Case Report
The Prevalence of Laboratory Abnormalities of Hemostasis in Women with Endometriosis: A Case-Control Study
Joanna Davies, Brwa Hussein, Anne Riddell, Omar Rahimy and Rezan A Kadir*
Corresponding Author: Rezan A Kadir, Department of Obstetrics and Gynecology, The Royal Free Hospital, Pond Street, Hampstead, London, NW3 2QG, UK
Received: February 23, 2021; Revised: May 2, 2021; Accepted: May 5, 2021 Available Online: June 4, 2021
Citation: Davies J, Hussein B, Riddell A, Rahimy O & Kadir RA. (2021) The Prevalence of Laboratory Abnormalities of Hemostasis in Women with Endometriosis: A Case-Control Study. Arch Obstet Gynecol Reprod Med, 4(2): 113-121.
Copyrights: ©2021 Davies J, Hussein B, Riddell A, Rahimy O & Kadir RA. This is an open-access article distributed under the terms of the Creative Commons Attribution License, which permits unrestricted use, distribution, and reproduction in any medium, provided the original author and source are credited.
Share :
  • 349

    Views & Citations
Objective: To assess the frequency of inherited bleeding disorders in women with endometriosis and to establish if there is an association between coagulation parameters and severity of endometriosis.

Design, Setting and Patients: A case-control study including women with endometriosis (n=84) and age-matched controls (n=30) was conducted at the Royal Free Hospital. All participants were interviewed to complete Pain Impact Questionnaire (PIQ), and Pictorial Blood Assessment Chart (PBAC). Laparoscopic revised American Society of Reproductive Medicine (rASRM) stage of endometriosis was documented where recorded. Laboratory investigations of hemostasis included platelet aggregation, and coagulation factor levels (VIII, IX, XI, XIII, Von Willebrand Factor (VWF).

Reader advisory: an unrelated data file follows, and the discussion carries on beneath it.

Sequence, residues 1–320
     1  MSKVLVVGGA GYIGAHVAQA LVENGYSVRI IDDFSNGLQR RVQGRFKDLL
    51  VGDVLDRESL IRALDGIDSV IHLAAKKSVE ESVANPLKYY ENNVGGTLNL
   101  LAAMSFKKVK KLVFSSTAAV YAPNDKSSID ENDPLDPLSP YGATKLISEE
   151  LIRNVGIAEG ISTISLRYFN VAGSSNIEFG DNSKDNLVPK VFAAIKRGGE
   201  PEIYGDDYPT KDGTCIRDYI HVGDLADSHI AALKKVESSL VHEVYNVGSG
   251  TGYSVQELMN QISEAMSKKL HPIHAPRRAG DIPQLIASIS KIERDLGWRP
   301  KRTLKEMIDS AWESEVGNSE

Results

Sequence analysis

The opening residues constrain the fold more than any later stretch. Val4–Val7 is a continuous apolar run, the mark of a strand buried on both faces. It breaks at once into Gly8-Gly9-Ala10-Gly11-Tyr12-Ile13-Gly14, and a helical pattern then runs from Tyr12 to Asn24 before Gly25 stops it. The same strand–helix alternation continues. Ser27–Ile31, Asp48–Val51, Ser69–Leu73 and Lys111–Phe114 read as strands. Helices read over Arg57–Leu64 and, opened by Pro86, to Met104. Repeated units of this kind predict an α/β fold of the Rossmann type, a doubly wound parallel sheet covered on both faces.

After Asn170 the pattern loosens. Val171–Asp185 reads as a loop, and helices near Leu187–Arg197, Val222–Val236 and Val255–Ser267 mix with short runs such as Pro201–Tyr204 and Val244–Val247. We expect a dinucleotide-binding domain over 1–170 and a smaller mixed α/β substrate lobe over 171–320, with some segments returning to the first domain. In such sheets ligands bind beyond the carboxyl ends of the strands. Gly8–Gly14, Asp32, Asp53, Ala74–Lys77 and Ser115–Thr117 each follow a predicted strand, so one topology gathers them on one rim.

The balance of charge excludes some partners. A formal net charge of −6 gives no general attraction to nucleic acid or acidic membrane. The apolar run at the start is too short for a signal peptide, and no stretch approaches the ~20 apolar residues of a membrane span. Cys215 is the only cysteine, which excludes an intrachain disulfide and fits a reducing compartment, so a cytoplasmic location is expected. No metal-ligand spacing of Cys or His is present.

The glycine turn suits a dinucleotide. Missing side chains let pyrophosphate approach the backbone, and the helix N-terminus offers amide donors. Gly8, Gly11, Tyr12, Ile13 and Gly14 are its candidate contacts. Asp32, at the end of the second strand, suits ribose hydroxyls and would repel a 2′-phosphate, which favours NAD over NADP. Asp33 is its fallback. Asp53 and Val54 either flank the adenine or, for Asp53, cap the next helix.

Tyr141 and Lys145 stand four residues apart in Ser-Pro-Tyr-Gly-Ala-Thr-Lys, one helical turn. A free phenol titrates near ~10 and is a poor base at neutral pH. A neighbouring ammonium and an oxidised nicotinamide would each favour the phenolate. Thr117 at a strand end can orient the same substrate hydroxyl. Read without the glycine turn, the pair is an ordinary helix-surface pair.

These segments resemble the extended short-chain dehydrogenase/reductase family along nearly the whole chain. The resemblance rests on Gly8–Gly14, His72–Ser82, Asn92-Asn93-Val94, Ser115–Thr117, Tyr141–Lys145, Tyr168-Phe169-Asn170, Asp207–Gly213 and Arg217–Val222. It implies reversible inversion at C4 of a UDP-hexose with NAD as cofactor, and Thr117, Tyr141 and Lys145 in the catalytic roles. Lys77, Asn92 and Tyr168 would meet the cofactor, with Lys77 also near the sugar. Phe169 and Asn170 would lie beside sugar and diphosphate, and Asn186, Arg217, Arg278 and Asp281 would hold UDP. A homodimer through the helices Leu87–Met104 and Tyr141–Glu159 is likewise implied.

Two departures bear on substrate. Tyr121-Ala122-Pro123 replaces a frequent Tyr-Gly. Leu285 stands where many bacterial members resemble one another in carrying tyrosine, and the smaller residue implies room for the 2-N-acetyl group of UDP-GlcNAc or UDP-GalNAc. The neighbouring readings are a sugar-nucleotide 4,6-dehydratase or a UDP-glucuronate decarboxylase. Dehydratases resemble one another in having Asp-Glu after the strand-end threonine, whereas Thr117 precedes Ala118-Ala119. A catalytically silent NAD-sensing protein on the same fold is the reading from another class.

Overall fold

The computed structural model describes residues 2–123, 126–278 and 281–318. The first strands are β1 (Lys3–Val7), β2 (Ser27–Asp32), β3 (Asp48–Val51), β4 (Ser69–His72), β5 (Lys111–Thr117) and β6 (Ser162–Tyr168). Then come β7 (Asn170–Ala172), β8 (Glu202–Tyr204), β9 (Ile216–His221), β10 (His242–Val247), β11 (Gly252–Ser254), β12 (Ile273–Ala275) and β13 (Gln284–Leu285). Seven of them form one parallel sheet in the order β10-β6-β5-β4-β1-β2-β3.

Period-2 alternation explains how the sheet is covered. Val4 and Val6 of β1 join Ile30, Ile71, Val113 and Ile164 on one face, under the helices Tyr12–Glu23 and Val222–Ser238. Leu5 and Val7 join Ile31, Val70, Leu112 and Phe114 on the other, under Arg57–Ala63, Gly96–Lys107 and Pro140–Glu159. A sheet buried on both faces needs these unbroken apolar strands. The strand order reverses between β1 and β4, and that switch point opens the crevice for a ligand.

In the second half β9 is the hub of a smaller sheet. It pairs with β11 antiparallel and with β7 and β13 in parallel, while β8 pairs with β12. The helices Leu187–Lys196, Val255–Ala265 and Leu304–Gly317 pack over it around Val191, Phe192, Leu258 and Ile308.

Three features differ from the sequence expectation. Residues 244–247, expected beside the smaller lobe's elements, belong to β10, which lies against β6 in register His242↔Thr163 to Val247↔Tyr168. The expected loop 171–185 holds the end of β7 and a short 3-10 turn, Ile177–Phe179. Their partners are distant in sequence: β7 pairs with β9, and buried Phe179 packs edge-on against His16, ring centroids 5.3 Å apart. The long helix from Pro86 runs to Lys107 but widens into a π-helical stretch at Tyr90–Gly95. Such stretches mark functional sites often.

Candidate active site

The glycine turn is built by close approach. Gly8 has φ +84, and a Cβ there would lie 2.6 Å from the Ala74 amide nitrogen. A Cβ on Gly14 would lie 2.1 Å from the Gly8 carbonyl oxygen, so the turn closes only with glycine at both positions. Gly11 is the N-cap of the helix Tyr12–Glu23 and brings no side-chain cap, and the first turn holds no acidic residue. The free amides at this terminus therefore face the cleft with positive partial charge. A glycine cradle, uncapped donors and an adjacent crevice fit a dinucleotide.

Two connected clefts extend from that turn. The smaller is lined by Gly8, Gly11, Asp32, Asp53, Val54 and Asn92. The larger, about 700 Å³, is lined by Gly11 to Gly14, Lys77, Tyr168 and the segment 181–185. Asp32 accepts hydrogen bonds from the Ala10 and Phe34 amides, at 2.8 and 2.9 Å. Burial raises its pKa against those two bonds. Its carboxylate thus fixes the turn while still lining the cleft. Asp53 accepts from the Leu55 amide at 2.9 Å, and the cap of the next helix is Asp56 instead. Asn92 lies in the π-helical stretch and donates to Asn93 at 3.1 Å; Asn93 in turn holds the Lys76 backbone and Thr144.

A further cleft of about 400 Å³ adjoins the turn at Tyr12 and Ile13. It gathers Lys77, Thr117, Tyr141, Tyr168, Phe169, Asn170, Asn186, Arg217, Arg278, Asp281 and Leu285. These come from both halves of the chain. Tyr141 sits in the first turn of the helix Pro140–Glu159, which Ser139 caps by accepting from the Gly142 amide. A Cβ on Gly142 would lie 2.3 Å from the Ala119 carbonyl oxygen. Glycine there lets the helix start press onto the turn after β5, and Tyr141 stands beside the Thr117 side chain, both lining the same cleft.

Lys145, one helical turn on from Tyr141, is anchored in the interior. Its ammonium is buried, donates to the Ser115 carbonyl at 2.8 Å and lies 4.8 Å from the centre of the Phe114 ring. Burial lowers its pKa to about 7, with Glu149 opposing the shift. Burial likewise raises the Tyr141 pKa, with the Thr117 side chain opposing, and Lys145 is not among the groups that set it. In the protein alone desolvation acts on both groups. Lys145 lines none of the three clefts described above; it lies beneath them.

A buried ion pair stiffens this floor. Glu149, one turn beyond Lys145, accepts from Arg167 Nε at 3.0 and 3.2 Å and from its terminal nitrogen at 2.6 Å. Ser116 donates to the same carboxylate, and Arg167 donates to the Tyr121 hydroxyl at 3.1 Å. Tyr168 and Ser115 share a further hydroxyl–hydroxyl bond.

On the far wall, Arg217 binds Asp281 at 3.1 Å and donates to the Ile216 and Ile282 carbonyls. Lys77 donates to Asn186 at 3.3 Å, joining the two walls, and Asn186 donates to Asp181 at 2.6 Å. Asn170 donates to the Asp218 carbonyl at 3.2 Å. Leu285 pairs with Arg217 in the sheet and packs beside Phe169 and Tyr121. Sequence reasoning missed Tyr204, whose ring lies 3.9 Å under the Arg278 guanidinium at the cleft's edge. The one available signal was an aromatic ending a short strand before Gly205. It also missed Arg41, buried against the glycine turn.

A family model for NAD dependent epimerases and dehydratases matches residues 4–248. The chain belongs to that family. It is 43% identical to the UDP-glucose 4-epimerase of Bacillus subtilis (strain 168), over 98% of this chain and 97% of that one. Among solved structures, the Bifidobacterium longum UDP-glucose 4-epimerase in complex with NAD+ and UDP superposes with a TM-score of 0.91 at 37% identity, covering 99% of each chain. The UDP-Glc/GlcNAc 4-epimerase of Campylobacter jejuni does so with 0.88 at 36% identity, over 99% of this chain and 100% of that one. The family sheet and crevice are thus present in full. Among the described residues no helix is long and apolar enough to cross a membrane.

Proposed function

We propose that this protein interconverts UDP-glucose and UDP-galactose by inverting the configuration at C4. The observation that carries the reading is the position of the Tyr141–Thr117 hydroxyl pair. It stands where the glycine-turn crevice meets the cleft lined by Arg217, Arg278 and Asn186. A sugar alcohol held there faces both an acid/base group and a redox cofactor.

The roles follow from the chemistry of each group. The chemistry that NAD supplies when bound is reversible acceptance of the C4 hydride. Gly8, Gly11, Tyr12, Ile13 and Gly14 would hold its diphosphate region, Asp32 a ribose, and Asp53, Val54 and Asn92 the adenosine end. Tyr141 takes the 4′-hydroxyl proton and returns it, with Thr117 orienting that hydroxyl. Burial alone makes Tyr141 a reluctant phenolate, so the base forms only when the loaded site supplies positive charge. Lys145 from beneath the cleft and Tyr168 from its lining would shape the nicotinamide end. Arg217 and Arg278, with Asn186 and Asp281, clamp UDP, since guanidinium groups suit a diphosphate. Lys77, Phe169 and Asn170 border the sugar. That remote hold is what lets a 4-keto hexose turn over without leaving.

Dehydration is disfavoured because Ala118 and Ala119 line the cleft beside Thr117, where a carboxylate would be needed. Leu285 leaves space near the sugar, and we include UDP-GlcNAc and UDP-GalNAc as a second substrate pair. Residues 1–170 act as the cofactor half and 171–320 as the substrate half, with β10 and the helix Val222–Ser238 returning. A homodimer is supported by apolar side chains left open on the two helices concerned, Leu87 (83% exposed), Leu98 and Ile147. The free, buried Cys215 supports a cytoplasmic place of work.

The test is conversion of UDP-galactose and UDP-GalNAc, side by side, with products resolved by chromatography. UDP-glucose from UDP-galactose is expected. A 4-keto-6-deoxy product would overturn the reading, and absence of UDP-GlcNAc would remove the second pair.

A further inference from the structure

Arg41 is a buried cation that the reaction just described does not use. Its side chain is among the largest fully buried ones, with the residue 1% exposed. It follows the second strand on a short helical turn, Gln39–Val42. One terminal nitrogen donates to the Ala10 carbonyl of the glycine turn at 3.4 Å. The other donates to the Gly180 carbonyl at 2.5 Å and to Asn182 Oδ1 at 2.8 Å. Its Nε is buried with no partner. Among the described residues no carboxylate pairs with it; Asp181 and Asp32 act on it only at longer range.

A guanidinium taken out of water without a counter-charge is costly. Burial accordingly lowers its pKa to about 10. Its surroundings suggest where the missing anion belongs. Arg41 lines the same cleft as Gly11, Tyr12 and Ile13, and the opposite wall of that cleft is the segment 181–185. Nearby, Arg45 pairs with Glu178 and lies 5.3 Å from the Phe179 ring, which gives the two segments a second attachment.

Main outcome measure(s): Frequency of laboratory abnormalities of hemostasis among case and control group. Correlation of hemostatic variables with PIQ score, PBAC score and laparoscopic staging.

Results: Women with endometriosis had significantly more defects of platelet aggregation to one and multiple agonists compared to controls (31% vs 4%, p = 0.005 and 15% vs 4%, p< 0.05, respectively). VWF level demonstrated a significant downward trend with increasing laparoscopic stage (r = -0.35, p = 0.01). Five women with severe endometriosis had a VWF level < 50 IU dL-1.

Conclusion: Endometriosis is associated with platelet aggregation defects. This may have important implications in the treatment of endometriosis.

Keywords: Endometriosis, Bleeding disorders, Platelet function disorder, Platelet aggregation, Von Willebrand factor

Endometriosis is a complex gynecological condition that affects around 10% of women of reproductive age. It is characterized by the presence and growth of ectopic endometrial tissue outside of the uterus resulting in dysmenorrhea, dyspareunia, and sub fertility. The chronicity of the condition has a significant impact on women’s lives including work, social functioning and sexual relationships.

The pathogenesis of endometriosis is still not fully understood. The most commonly accepted hypothesis is the retrograde menstruation theory; viable endometrial fragments pass back through the fallopian tubes, possibly due to a pressure gradient originating from dysynergic uterine contractions. Once in the peritoneal cavity they can implant, grow and invade pelvic structures [1]. The likelihood of this occurrence is influenced epidemiologically by any menstrual, reproductive or personal factor that increases pelvic contamination to regurgitated endometrium, such as duration and heaviness of menstrual blood flow [2]. The risk of developing endometriosis is increased in women with a duration of menses > 6 days (OR; 2.5, 95% CI; 1.1-5.9) [3].

Aberrant immunological mechanisms are also implicated in the pathogenesis with increased activation of circulating monocytes and macrophages and release of inflammatory cytokines into the peritoneal fluid, which stimulate ectopic endometrial cell proliferation [4,5]. Another theory is that endometriosis is derived from a metaplastic process occurring in the peritoneal mesothelium [6].